This summer on the South Side of Chicago, thousands are expected to gather for an outdoor festival sponsored by the Inner-City Muslim Action Network, or IMAN.
The festival, Takin' It to the Streets, attracts well-known musicians, like hip-hop artist Mos Def in 2010 and Chicago native Lupe Fiasco. The goal of the festival's organizers is to promote cooperation between the city's residents, regardless of their backgrounds.
From the steam engine to visions of a national high-speed rail system, railroads have made their mark on American culture.
In his first term, President Obama promised to create a national system of high-speed rail, though he was scarcely the first politician to have done so. The January 2010 stimulus bill allocated $8 billion for high-speed rail projects, but Congress rejected federal funding for it.
In his State of the Union address on Tuesday, the president reiterated the goal of having passenger rail rise again.
Bill Booth stretches out a dead Burmese python caught during Florida's "Python Challenge" on Jan. 19.
Credit Wilfredo Lee / AP
After all the hoopla and news of people buying tools to catch Burmese pythons invading Florida, the state's monthlong hunt for them is over. Hunters caught 68 pythons. That's right, 68, according to The Associated Press, even though 1,600 people signed up with the Florida Fish and Wildlife Commission to search for them.
The movie Argo, up for seven Oscars at this year's Academy Awards, is based on the true story of the CIA rescue of Americans in Tehran during the 1979 hostage crisis. Missing from most of the coverage of this movie? The actual guy who ran the mission, played by Ben Affleck in the movie.
Movie aficionados — and historians — know that the movie sticks pretty close to what really happened during the Iranian Revolution. In 1980, a CIA agent named Tony Mendez sneaked into Iran and spirited away six American diplomats who were hiding with Canadians.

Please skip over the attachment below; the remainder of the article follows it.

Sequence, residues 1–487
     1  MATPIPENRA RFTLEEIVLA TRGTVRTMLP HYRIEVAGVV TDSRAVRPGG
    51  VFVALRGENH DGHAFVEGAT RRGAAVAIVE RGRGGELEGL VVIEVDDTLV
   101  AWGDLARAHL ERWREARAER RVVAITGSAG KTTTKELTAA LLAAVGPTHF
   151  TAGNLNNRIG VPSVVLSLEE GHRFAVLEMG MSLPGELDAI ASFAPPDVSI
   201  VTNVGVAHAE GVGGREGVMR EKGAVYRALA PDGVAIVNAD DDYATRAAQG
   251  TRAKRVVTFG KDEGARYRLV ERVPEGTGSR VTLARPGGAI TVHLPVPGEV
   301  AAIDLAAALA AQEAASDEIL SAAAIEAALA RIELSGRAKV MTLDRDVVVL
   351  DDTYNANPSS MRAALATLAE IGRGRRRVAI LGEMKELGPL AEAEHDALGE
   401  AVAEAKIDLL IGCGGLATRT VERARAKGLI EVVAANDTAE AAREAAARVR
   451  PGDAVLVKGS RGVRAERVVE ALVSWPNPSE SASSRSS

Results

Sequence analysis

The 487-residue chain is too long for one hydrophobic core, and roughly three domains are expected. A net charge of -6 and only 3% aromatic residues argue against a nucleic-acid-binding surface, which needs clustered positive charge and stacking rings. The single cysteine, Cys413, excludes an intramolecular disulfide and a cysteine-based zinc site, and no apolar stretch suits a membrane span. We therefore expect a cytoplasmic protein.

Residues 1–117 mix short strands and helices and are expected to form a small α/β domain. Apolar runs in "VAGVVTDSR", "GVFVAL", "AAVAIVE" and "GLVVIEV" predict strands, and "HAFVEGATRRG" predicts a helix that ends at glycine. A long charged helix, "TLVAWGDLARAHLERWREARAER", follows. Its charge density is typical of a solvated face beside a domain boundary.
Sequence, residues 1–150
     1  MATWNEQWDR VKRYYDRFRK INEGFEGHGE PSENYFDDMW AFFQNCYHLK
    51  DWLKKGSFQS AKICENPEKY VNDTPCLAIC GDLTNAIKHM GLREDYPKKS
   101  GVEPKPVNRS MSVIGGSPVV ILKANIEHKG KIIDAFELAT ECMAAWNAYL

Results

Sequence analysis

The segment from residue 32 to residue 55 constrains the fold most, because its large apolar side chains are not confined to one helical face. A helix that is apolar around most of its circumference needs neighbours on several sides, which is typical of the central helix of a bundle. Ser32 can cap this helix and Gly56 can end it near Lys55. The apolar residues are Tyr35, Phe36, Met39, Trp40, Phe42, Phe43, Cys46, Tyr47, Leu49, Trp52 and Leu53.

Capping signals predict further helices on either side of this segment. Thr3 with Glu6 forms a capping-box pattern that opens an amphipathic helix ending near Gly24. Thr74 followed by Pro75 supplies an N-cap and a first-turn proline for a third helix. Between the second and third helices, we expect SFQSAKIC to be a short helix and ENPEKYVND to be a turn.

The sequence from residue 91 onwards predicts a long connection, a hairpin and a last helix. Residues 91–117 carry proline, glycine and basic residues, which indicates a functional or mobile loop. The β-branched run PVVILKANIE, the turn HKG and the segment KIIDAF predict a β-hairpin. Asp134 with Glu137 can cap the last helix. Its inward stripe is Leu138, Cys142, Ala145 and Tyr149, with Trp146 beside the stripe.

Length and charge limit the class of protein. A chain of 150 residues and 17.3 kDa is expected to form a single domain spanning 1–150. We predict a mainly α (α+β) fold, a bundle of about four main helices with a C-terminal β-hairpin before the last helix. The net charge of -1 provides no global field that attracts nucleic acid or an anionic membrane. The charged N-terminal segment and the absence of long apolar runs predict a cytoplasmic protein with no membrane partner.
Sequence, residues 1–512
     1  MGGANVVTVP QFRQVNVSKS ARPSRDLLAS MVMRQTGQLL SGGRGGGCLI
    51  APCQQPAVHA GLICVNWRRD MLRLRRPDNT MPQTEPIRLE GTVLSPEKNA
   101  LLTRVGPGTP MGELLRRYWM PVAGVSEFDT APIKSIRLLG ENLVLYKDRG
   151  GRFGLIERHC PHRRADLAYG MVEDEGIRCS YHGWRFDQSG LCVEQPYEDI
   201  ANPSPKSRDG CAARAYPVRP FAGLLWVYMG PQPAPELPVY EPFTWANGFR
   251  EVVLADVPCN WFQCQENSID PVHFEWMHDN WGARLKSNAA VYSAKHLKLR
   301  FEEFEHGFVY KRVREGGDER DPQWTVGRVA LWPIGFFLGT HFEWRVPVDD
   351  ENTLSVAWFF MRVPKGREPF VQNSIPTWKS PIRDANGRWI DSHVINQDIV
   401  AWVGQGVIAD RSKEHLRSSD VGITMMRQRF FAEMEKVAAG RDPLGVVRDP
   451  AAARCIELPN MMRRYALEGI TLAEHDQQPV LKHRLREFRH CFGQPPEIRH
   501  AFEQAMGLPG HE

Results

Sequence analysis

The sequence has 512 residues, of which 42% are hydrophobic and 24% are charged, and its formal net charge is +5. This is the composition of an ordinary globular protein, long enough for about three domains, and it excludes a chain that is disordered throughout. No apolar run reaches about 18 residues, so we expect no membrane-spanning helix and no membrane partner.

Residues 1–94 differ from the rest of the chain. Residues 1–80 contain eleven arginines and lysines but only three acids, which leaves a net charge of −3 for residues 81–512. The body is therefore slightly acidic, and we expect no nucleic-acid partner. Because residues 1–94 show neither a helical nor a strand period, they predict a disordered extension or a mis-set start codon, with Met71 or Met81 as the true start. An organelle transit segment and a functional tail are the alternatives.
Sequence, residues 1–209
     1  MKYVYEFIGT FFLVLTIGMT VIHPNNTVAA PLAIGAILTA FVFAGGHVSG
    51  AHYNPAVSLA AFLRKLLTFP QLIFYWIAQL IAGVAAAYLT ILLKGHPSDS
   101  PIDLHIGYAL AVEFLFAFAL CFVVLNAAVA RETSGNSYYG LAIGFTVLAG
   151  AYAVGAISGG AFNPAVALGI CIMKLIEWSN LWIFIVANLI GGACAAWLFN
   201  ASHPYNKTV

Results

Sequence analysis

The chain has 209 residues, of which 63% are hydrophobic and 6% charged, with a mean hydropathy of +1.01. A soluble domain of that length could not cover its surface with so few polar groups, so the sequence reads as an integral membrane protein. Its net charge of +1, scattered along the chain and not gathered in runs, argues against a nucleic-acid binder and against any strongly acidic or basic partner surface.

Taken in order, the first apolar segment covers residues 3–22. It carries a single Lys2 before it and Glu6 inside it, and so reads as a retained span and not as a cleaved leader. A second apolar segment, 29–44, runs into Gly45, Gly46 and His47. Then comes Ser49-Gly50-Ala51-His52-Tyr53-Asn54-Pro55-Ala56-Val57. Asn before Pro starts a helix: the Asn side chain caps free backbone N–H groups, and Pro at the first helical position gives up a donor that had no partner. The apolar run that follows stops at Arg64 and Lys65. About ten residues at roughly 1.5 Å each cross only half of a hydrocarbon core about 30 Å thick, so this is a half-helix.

The president's speech, which they watched on a giant flat-screen TV, was punctuated with groans, rebuttal, criticisms and sarcasm from this young audience. These students worked hard, to no avail, to deliver the much prized battleground state of Ohio to Republican presidential nominee Mitt Romney.
Workers at the Hanford Nuclear Reservation near Richland, Wash., in 2010.
Credit Shannon Dininny / AP
They thought they'd managed this problem a few years ago. But Washington state Gov. Jay Inslee got a disturbing call Friday from Energy Secretary Steven Chu: Nuclear waste is leaking out of a tank in one of the most contaminated nuclear waste sites in the U.S.
Now to another remarkable fall from grace. Just three months after he resigned from Congress, Jesse Jackson, Jr. is preparing to plead guilty to a criminal conspiracy charge. Prosecutors say the Illinois Democrat used $750,000 in campaign funds to buy a Rolex watch, mink coats, sports memorabilia. His wife Sandy will plead guilty to a tax change for failing to report that money to the IRS.
Originally published on Sat February 16, 2013 11:15 am
Fresh Air Weekend highlights some of the best interviews and reviews from past weeks, and new program elements specially paced for weekends. Our weekend show emphasizes interviews with writers, filmmakers, actors and musicians, and often includes excerpts from live in-studio concerts. This week:
At a news conference Friday, San Bernardino County Sheriff John McMahon revealed new details about the final showdown with ex-cop Christopher Dorner that left one deputy dead and another seriously wounded.